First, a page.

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3Rs for Power And Demand

Dynamic monitoring and decision systems maximize energy resources.

Fortnightly Magazine - December 2009

bids (supply and demand) according to the system-wide criteria, which in this case are the criteria of social welfare. 6

Take for example, the results of such a 3R-based self-commitment day-ahead dispatch for the IEEE RTS test system with more than 50-percent wind capacity (see Figures 2-5) . Figure 1 displays the generation mix with wind generation replacing the generation mix originally given for this system in Reference 3 . Shown in Figure 2 is the result of the generation dispatch with large-scale wind power. The system load (solid blue line) is smoother than the total load (green dotted line) when the demand is elastic. The difference between the two shows how much the demand was adjusted to accommodate wind while observing the ramping rates of all power plants. It shows that both coal and gas generation produced significantly less with elastic demand. As wind output suddenly drops, so does the elastic demand. 7

It’s interesting to observe that relatively little demand elasticity made possible large wind power utilization (see Figure 4) and, consequently, a reduction in polluting coal and gas power outputs. Also, Figure 3 plots the total generation cost difference with and without elastic demand. Finally, Figure 5 shows the strong negative correlation between the demand change and demand elasticity. 8 Further extensions of this work are needed to ensure feasible voltage support. It is widely recognized that significant efficiency and reliability enhancements, everything else being equal, would be brought about by systematic voltage management as real power is dispatched (see References 4 and 5) . Even blackouts could be prevented this way (see Reference 6) .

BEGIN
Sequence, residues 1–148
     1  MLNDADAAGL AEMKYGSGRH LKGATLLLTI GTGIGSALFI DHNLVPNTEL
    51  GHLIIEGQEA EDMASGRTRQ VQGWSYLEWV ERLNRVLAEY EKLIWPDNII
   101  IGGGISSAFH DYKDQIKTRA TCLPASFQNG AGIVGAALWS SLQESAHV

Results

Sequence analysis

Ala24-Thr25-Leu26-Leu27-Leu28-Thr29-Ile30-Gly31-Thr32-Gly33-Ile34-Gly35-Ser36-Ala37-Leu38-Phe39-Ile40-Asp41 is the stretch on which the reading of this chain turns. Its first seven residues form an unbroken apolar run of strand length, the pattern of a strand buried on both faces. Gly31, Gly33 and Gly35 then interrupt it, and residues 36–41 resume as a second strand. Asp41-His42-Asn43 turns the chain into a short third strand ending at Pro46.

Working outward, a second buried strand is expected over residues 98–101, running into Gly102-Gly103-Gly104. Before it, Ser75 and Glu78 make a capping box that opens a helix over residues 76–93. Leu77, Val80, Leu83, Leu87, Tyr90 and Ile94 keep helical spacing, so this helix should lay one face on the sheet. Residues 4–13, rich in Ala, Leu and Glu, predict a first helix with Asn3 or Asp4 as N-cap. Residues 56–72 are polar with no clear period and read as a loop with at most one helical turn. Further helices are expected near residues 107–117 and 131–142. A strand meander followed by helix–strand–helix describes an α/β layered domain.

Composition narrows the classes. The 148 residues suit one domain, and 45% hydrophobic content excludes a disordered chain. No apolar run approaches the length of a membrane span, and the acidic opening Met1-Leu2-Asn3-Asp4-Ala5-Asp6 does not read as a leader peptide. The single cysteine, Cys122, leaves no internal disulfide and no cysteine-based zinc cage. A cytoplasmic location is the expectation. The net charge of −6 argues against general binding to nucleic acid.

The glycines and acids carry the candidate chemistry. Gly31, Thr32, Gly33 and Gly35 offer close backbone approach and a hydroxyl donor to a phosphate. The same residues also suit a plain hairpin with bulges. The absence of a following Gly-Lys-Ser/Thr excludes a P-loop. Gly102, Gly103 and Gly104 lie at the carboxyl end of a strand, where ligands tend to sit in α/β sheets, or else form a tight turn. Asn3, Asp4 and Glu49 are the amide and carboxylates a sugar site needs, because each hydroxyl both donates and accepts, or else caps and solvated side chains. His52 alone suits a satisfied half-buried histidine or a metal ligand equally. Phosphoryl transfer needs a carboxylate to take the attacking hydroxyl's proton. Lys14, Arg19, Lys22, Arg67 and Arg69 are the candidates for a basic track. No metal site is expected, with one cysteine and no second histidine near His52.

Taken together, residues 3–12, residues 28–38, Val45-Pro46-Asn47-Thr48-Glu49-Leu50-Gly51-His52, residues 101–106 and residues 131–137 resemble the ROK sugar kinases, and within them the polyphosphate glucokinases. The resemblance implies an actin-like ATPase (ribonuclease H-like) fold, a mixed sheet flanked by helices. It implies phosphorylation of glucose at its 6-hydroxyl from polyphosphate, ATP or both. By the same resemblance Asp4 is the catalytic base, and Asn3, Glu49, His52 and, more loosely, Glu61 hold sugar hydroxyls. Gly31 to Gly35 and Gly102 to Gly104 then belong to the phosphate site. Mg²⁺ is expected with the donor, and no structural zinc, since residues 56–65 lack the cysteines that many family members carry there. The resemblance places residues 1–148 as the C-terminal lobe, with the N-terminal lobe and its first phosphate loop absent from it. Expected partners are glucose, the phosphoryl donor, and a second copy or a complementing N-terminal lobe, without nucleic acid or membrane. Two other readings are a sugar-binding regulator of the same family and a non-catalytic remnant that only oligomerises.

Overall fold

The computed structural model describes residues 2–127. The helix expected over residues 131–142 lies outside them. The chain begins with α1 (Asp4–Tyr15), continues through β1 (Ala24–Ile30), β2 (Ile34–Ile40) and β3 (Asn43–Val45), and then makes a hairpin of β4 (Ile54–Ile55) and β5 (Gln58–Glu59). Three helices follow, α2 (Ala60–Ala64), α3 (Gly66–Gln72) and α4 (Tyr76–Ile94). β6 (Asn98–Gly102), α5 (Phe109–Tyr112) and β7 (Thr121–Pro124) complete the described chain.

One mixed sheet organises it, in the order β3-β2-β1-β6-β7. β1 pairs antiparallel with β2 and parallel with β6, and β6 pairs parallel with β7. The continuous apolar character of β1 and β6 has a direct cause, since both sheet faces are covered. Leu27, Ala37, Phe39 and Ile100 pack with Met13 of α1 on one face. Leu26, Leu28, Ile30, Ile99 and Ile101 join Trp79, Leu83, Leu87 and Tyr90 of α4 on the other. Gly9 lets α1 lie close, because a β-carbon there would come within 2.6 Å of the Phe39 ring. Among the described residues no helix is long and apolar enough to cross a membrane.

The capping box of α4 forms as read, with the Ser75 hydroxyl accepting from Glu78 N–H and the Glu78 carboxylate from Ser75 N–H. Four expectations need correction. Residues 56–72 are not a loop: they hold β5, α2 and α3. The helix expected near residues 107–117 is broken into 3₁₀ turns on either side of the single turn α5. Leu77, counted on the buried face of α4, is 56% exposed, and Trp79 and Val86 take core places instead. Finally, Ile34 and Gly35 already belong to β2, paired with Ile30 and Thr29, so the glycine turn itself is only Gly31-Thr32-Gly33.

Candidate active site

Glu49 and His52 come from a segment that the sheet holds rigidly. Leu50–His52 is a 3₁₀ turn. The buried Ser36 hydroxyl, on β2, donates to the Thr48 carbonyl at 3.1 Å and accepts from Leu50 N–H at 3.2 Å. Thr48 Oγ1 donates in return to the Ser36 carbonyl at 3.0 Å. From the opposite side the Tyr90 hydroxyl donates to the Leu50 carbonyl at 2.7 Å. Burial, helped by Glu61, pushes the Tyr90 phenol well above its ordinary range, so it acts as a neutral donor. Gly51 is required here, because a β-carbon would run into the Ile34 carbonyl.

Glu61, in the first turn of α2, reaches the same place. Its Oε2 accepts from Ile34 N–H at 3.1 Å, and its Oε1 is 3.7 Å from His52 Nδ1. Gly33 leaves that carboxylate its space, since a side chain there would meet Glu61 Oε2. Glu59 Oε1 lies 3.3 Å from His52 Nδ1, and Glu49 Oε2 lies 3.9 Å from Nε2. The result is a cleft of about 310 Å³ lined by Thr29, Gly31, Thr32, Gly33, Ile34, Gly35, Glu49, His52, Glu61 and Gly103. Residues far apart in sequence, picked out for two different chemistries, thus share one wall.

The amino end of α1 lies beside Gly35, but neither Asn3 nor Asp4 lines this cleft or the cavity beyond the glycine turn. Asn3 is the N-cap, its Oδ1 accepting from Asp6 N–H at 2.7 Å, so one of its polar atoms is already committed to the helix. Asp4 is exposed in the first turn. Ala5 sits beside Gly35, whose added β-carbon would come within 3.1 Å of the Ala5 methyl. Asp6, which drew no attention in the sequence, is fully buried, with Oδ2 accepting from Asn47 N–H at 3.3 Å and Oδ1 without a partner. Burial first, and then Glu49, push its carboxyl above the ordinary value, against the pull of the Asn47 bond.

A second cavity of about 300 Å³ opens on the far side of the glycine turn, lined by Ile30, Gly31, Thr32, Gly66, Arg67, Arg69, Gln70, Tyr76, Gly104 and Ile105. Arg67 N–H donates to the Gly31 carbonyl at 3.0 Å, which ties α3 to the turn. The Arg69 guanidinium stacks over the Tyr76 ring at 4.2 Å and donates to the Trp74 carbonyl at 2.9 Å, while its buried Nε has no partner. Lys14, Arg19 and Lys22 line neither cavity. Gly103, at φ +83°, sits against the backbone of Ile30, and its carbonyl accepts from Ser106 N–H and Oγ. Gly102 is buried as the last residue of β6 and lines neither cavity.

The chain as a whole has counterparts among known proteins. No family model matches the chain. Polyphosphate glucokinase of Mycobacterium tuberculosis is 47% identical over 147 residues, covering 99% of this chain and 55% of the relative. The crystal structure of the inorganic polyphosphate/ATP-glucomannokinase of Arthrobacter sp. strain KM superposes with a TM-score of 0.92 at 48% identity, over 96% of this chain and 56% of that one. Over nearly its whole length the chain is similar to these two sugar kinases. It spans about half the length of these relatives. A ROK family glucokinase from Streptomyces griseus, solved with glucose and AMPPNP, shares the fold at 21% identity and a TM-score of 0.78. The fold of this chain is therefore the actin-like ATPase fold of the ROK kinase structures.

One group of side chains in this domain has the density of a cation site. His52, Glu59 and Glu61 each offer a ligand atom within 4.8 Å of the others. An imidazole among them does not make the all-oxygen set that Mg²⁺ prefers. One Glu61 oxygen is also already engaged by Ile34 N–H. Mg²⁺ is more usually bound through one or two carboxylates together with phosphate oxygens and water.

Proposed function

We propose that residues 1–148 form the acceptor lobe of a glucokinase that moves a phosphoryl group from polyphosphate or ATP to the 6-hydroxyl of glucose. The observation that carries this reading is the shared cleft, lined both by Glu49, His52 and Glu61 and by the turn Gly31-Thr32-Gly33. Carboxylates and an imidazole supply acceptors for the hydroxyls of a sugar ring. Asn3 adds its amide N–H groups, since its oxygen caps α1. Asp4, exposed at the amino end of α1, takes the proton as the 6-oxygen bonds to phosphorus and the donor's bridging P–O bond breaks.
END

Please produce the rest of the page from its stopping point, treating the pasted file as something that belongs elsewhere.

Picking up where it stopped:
Software in Distributed Risk Management

The implementation of such a simple 3Rs design would go a very long way toward enabling choice by market participants and, at the same time, toward coordinating these choices according to the system-wide performance criteria enforced by the system operators. To ensure that system operators have incentives to deploy the most efficient clearing of bids without creating reliability problems, it’s necessary that the system operators be given the incentives to do their job to the best of their ability as well.

For example, reliability-related risks could be managed many different ways and have huge implications on the bids cleared and the overall system cost as well as on environmental pollution. Much monitoring and decision-making know-how by the system operators can be implemented to reduce some very quantifiable system-wide performance metrics without creating reliability problems (see Reference 6) .

Given the state of the software used today by system operators, the physical risks caused by highly variable resources would be very difficult to untangle and align with financial risks. Instead, an internalizing of the risk by those creating it would make the responsibilities much better understood. It might become possible to establish benchmarks for monitoring the performance of system operators when binding self-commitment is done by the market participants; this has been difficult when the system operators are responsible for managing major uncertainties caused by the highly variable resources. Allowing renewable resources to vary in highly unpredictable ways, and